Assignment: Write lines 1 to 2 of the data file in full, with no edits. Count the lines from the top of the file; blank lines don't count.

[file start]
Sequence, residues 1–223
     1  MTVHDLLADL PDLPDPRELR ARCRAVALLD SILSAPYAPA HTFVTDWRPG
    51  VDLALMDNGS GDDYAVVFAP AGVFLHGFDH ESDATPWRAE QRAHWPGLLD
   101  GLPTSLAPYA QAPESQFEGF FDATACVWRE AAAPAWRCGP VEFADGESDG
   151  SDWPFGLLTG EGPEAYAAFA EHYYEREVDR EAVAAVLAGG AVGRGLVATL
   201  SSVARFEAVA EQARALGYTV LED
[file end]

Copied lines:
Sequence, residues 1–223
     1  MTVHDLLADL PDLPDPRELR ARCRAVALLD SILSAPYAPA HTFVTDWRPG